Budapest, the capital of Hungary, is one of the finest cities in central eastern Europe and a massive tourist destination. Approximately 2.7 million tourists visit Budapest each year and there are so many good reasons why. Budapest is a truly beautiful city with so much history behind it, which you will find out about as you visit the various sites. In fact just as a bit of an indicator to how stunning the city is some people have actually nicknamed Budapest the “Paris of the East”. Budapest was once actually two cities, Buda and Pest, which means that the city has two completely different atmospheres on each side of the River Danube – giving you twice as much to enjoy.
This guide contains the 7 places that you must visit in Budapest.
Heroes’ square, or ‘Hősök tere’ in Hungarian, is located at the end of Andrassy Avenue right next to City Park. The monument was built in order to commemorate the arrival of the Hungarians in the Carpathian Basin. It is a truly amazing site, with a number of brilliant statues. The most fantastic of these is one of the Archangel Gabriel, who stands on top of a 36 metre high corinthian column. It is a must for anyone who is visiting Budapest and there is no excuse not to go as Heroes’ Square is free to visit.
St. Stephen’s Basilica
St. Stephen’s Basilica is a beautiful Roman Catholic basilica located in the center of Pest. It is named after the first king of Hungary, whose uncorrupted right hand can actually be found inside the basilica. Guests are allowed to enter the reliquary where the hand is kept and take pictures as long as there is no flash. If you pay the tiny sum of 500 Forint you can travel all the way to the top of the basilica to get a spectacular 360 degree view of Budapest. There are lifts or steps for the more adventurous!
Buda Castle is located in the Buda Castle District on top of Castle Hill. It was constructed in 1265 and has been the home of many kings of Hungary. It is a beautiful site and offers plenty of fantastic views from Buda over Pest. There is no entry fee for the castle and it is located next to two other brilliant sites, Fisherman’s Bastion and Matthias Church, that you should also pay a visit. To get there you can either brave the walk up Castle Hill (it isn’t as bad as it sounds) or pay to take the funicular up the hill.
Be warned that getting to the top of Gellért hill requires a little bit of a climb, but be assured that it is completely worth it. The top of Gellért Hill is 235 metres high and from it you can get some amazing views over the whole of Budapest. The Hill was named after Saint Gerard who had the unfortunate fate of being thrown from the hill to his death. When visiting Gellért Hill you shouldn’t just travel to the top, see the view and leave it at that. Near the bottom of the hill is a cave church, which is definitely worth a visit. Furthermore, right at the bottom of the hill are some famous traditional Hungarian baths to rest your feet in after the climb up!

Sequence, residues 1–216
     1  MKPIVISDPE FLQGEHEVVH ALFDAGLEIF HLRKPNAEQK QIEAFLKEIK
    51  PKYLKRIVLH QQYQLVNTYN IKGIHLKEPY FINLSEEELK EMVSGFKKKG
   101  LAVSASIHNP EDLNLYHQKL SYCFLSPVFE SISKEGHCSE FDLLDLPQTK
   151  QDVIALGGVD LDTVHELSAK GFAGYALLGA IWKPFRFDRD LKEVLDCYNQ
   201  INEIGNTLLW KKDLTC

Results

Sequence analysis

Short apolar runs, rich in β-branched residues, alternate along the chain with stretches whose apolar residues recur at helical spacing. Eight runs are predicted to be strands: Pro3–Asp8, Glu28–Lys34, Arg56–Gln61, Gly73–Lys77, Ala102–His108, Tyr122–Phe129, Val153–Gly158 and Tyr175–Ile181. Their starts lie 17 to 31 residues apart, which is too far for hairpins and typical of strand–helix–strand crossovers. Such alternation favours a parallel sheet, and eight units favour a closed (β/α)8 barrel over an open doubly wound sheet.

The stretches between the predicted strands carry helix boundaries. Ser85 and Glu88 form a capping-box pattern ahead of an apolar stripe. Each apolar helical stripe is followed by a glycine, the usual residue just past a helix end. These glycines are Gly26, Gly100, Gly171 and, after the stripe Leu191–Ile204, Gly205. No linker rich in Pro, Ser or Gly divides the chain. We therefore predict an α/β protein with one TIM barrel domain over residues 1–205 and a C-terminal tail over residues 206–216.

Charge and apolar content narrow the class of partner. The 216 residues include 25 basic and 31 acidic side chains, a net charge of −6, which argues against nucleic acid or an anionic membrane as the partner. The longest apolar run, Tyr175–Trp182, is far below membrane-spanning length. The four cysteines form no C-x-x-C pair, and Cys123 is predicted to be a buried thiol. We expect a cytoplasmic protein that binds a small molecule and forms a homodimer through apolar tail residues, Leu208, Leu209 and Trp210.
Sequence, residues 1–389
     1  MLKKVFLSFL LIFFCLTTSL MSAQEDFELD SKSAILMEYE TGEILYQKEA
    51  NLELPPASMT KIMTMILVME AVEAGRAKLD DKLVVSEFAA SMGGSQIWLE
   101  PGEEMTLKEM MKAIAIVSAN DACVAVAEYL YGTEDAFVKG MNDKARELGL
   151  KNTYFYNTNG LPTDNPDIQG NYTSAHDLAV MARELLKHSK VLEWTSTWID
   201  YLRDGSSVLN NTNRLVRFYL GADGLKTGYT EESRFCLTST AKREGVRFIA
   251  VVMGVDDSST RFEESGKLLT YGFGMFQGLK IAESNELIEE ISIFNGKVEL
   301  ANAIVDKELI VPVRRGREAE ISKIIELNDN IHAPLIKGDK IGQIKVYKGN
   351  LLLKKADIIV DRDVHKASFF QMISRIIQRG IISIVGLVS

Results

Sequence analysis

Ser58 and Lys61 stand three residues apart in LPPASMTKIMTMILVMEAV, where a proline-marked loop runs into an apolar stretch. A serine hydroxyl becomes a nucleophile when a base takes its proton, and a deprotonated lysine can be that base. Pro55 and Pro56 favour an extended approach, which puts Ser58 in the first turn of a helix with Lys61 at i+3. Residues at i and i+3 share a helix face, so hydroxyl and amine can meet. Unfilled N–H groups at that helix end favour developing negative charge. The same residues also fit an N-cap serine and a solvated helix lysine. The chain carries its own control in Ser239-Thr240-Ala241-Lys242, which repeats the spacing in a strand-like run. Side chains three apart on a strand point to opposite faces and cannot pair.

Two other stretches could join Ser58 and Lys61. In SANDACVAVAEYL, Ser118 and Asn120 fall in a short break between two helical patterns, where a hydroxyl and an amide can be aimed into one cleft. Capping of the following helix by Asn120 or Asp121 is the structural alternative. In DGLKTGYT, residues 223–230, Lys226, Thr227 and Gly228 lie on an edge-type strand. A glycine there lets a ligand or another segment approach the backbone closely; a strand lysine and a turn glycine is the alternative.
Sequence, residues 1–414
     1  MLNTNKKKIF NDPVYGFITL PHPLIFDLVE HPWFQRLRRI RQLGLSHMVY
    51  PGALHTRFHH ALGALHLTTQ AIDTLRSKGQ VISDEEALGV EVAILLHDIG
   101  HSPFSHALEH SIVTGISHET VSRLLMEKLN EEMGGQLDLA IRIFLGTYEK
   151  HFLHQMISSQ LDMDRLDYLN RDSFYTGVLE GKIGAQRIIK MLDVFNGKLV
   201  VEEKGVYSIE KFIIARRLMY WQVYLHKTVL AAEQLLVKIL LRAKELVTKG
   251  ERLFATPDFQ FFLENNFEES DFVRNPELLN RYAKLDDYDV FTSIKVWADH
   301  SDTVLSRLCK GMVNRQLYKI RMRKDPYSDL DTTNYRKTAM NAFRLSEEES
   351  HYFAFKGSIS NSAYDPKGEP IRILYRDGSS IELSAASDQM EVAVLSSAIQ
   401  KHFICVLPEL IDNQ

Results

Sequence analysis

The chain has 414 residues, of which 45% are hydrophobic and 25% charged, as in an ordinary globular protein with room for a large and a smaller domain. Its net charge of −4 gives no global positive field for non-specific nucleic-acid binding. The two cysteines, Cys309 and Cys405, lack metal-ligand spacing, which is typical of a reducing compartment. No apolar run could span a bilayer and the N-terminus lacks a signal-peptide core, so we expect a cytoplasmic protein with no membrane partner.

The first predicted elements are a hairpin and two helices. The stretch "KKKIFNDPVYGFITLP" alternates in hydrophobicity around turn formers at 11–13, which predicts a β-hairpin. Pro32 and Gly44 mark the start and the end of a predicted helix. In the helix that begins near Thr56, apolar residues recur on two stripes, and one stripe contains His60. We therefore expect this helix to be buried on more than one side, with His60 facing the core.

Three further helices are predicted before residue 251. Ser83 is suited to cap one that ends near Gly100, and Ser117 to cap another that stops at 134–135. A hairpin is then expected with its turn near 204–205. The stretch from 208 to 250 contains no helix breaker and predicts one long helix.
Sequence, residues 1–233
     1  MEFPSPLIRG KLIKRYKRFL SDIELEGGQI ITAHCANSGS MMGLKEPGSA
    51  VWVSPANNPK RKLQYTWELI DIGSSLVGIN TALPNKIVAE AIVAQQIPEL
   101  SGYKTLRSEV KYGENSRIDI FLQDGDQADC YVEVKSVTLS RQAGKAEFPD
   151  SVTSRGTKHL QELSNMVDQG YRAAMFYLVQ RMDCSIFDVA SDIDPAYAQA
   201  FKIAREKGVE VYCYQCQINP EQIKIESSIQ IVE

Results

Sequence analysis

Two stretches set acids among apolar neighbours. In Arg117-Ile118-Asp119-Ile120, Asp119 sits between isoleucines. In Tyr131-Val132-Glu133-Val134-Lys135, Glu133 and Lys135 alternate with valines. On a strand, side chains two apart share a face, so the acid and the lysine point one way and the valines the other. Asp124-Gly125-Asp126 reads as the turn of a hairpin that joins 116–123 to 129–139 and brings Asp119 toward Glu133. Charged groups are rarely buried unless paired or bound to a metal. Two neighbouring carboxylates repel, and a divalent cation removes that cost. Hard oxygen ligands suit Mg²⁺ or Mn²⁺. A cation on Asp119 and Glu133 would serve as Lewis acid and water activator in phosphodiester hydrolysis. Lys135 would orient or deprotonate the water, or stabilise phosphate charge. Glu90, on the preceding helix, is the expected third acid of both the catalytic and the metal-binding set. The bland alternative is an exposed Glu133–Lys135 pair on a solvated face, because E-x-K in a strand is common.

Located in the heart of Budapest’s Jewish District is the Dohány Street Synagogue. The Synagogue is the largest in Europe and can seat a staggering 3000 people. The Building itself is one of a kind and is full of lots of intricate and unique design work. If you would like to see inside the Dohány Street Synagogue you have to be accompanied by a tour guide, which isn’t to everyone’s taste, but is necessary as the synagogue is still in use for services. As such, the Synagogue is not open for tours on Saturdays.
Hungarian Parliament Building
The Hungarian Parliament Building is located right on the edge of the Danube. It was built after the three cities Buda, Óbuda and Pest became united as one. Various plans from different architects were put forward with Imre Steindl emerging to be the winner. The style of the building is gothic revival, which makes the building really stand out. Getting to the parliament is really easy as there are many trams and buses that take you right outside it. Tours are offered in English, French, German, Russian, Hebrew, Japanese, Italian and Spanish – and they’re free if you’re an EU citizen.
Széchenyi thermal bath
The Széchenyi Thermal Baths are the largest medicinal baths in Europe. The thermal water is made up from a number of different components including sulphate and calcium, that is supplied by two natural springs. There are various different baths all of which are different temperatures. There are hot pools that go all the way up to 40°C and plunge pools that go down to 12°C. You can enjoy baths both inside and out and also you are free to use the various steam rooms and saunas.
Author bio: By author and travel enthusiast Linda Michelle, writing on behalf of Marriot Hotels. If you’re looking for Philadelphia Hotels, look no further!